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Mining industry coming back from crisis

Feb 21 2017 18:27
Kevin Crowley and David Stringer, Bloomberg News

Johannesburg - The speed of the mining recovery is faster than anything that’s been seen in the past decade.

BHP Billiton and Anglo American on Tuesday reported the biggest profit increases since at least 2007 on deep cost cuts and rebounding metal prices. The earnings exceeded analysts estimates and highlight mining’s dramatic reversal of fortune in the past year.

The industry is coming back from a crisis that forced some of the top metal producers to sell assets, cut costs and rein in spending after years of over-investment. Metal prices have largely recovered from the downturn and several of the biggest mines are profitable, instead of bleeding cash.

“You can see how cash generative this business can be,” Paul Gait, an analyst at Sanford C. Bernstein in London, said by phone. “I think 2017 is a year of strategic re-positioning and rethinking.”

BHP, the world’s biggest mining company, boosted its dividend more than analysts expected and said it will carry out a bond buyback of $2.5bn. Underlying profit rose to $3.24bn in the six months through December 31, the highest in two years and a more than 600 percent increase from a year earlier.

Anglo canceled plans to sell several assets after higher earnings eased pressure on the company to reduce debt. Nickel mines in Brazil and coking coal assets in Australia will no longer be sold, chief executive officer Mark Cutifani said in an interview on Bloomberg Television. The company is “happy to stick with” its iron ore and export coal mines in South Africa, he said.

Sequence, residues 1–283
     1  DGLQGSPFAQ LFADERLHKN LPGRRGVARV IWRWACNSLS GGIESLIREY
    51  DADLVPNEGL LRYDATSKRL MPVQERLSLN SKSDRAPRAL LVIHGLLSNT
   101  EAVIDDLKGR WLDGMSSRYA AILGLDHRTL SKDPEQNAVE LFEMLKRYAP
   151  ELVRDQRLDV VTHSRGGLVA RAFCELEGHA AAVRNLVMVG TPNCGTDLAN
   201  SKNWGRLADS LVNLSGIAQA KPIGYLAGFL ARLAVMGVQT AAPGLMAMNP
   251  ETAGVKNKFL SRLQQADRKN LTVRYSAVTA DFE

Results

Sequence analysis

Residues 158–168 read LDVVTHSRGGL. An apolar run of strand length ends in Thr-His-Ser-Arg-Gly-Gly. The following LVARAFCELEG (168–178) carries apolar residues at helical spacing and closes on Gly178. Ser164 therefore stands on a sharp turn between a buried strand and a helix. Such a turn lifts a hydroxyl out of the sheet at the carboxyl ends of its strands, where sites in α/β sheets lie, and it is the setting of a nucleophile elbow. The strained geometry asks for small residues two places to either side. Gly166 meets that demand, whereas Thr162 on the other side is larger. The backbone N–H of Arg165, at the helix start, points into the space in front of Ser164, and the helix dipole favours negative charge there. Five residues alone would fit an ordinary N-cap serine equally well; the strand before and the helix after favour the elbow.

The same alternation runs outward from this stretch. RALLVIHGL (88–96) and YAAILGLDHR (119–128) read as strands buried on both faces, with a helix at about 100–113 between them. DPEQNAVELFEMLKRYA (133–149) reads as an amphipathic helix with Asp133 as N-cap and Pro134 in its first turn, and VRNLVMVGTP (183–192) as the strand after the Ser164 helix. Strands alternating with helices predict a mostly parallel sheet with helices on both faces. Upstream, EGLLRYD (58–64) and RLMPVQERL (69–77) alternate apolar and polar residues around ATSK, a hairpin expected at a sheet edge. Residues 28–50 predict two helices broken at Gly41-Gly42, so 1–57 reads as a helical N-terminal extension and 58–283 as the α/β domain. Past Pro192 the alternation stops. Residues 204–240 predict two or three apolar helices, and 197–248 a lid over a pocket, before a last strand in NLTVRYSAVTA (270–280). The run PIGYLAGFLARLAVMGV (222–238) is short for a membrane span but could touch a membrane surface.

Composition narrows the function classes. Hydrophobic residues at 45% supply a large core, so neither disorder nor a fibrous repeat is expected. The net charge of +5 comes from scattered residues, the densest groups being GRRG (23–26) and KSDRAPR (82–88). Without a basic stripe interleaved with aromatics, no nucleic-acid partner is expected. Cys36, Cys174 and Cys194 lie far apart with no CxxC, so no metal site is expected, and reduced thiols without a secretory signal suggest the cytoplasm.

The company aims to return to an investment-grade credit rating this year and pay a dividend in 2018. Profit more than doubled last year to $1.72 a share.

“We got there. We delivered it. We do not need to sell assets to address the balance sheet issues,” Cutifani said on a conference call. “If any assets go from here, it will be on the basis of a portfolio adjustment.”

BHP shares were little changed and Anglo slipped 1.5% to 1 340 pence as of 13:18 in London. In the past year, BHP’s stock is up 90% and Anglo has tripled.

Still, commodities prices face near-term challenges, with some materials trading above the company’s forecasts of appropriate long-term prices, said chief executive officer Andrew Mackenzie.

Longer term, the economy in China, the top commodities consumer, will continue to rebalance from industry to services, shifting the center of growth from investment and exports toward consumption, the company said.

Copper production guidance for the 12 months to June 30 is under review as a result of a strike at the Escondida mine in Chile, BHP said. The producer is seeking a resolution in coming days, Mackenzie told reporters.

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